Something someone else had to say also came up tonight:

“You know the American movie the Matrix? Ok, we can say this: the OR did not escape the matrix (of global capitalism) but extended it. There is no doubt about that and I am critical of it because of this, too (like the Western Left wing critics). However, I must also say that I demonstrated and that the joy I felt there, in the streets with the masses of Ukrainians, is inexplicable. It is important that the OR happened for Ukrainians, for our culture and heritage, even if there are the negative aspects (that are formidable).”

If Ukrainians with progressive Left sympathies can have a nuanced and sophisticated analysis of what happened in their country, why can’t the Left in the West as well?

Then to conclude with a quote from Petro Hrytsak, son of one of Ukraine's more prominent historians, Yaroslav Hrytsak:

"It (the OR) was, in addition to the coming of age of a Ukrainian civil society, also the true coming of age of a Ukrainian youth culture."

Ukraine Appears in NPR Program Speaking of Faith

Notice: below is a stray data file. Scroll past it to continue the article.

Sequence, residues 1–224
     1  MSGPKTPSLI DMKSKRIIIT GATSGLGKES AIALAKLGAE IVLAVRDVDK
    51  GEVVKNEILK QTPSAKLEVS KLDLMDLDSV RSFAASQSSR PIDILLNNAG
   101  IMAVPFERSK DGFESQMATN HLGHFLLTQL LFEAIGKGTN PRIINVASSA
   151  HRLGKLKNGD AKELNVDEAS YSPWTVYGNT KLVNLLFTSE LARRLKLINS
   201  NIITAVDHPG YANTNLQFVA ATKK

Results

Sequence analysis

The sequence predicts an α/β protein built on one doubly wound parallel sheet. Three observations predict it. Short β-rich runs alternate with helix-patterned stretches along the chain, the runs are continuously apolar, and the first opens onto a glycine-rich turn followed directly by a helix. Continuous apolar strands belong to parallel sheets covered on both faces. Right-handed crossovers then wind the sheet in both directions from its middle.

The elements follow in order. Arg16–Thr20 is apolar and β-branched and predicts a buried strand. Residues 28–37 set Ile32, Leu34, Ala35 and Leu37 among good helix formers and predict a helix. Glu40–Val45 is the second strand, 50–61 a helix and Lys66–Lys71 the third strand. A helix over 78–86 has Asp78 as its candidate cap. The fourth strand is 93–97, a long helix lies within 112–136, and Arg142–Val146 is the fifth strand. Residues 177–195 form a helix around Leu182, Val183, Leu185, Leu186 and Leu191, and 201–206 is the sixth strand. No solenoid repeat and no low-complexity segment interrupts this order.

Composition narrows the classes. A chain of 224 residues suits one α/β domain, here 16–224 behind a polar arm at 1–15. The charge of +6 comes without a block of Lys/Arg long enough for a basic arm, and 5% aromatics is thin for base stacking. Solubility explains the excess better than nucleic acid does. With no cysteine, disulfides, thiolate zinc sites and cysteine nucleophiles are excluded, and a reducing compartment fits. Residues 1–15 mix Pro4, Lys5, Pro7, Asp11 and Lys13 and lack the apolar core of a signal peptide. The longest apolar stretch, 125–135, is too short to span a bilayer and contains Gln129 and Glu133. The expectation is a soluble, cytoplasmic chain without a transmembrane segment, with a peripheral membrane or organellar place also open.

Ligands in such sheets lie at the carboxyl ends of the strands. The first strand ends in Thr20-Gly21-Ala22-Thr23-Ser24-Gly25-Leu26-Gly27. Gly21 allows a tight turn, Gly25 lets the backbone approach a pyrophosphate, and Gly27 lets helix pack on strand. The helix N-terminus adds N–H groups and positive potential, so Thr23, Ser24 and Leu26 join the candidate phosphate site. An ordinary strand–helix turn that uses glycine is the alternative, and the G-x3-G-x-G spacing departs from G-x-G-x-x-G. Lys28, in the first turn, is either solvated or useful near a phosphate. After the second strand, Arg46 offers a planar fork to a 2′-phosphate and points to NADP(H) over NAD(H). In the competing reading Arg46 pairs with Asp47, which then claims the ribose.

This week on NPR's Speaking of Faith program is a conversation with Adrian Ivakhiv, a professor of environmental studies who is Ukrainian-Canadian that you can listen to here. Though the program is focused on a discussion about the persistence and spread of paganism and neopaganism in the world today in general, he talks a bit about Ukraine and its pagan heritage.

From the site's description:
An environmentalist who pursued the ecological impulse of Paganism, from its ancient roots to its modern revival in Europe and North America, discusses his observations about the spirit of Paganism and its influence on everyday Western culture — and even on old-time religion.

Ivakhiv is assistant professor of Environmental Studies at the University of Vermont and author of Claiming Sacred Ground: Pilgrims and Politics at Glastonbury and Sedona.
This is great to my mind for two reasons:

1) Ukraine gets mentioned in mainstream media in a positive light (insofar as you find a revival of paganism positive, I suppose);

2) My daughter Julija was given a Latvian pagan "baptism." Zinta, her mama, was never baptized Xtian and comes from a family that has been extremely active in the neopagan movement in the Latvian world. Hence, there was no talk of original sin nor of a vengeful God that one must fear at Julija's baptism; rather, there was talk of a beautiful, creative new life entering the world and of a benevolent, universal energy or God. Thus, it was not really a "baptism" (no washing away of sin) but a presentation to Julija of the community that will nourish and nurture her, and a presentation to the community of the new life--Julija--within it.

All of which are elements, no doubt, of Xtian baptism as well, which I mention in all fairness. . .